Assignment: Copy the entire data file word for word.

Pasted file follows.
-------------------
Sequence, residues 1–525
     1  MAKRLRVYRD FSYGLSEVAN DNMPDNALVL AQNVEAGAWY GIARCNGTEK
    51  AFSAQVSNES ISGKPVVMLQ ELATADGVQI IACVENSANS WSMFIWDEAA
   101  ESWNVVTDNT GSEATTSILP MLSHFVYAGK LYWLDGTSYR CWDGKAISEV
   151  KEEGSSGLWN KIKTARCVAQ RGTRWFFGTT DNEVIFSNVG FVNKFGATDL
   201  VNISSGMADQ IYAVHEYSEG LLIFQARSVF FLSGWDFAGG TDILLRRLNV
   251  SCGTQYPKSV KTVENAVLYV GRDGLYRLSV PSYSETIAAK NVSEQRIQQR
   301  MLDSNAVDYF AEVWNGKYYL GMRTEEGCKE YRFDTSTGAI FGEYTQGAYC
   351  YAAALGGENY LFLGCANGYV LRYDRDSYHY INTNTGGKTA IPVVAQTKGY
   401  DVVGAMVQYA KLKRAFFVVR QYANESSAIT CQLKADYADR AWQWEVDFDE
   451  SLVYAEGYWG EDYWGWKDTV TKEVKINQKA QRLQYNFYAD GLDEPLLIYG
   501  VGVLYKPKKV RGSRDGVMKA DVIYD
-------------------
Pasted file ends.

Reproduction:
Sequence, residues 1–525
     1  MAKRLRVYRD FSYGLSEVAN DNMPDNALVL AQNVEAGAWY GIARCNGTEK
    51  AFSAQVSNES ISGKPVVMLQ ELATADGVQI IACVENSANS WSMFIWDEAA
   101  ESWNVVTDNT GSEATTSILP MLSHFVYAGK LYWLDGTSYR CWDGKAISEV
   151  KEEGSSGLWN KIKTARCVAQ RGTRWFFGTT DNEVIFSNVG FVNKFGATDL
   201  VNISSGMADQ IYAVHEYSEG LLIFQARSVF FLSGWDFAGG TDILLRRLNV
   251  SCGTQYPKSV KTVENAVLYV GRDGLYRLSV PSYSETIAAK NVSEQRIQQR
   301  MLDSNAVDYF AEVWNGKYYL GMRTEEGCKE YRFDTSTGAI FGEYTQGAYC
   351  YAAALGGENY LFLGCANGYV LRYDRDSYHY INTNTGGKTA IPVVAQTKGY
   401  DVVGAMVQYA KLKRAFFVVR QYANESSAIT CQLKADYADR AWQWEVDFDE
   451  SLVYAEGYWG EDYWGWKDTV TKEVKINQKA QRLQYNFYAD GLDEPLLIYG
   501  VGVLYKPKKV RGSRDGVMKA DVIYD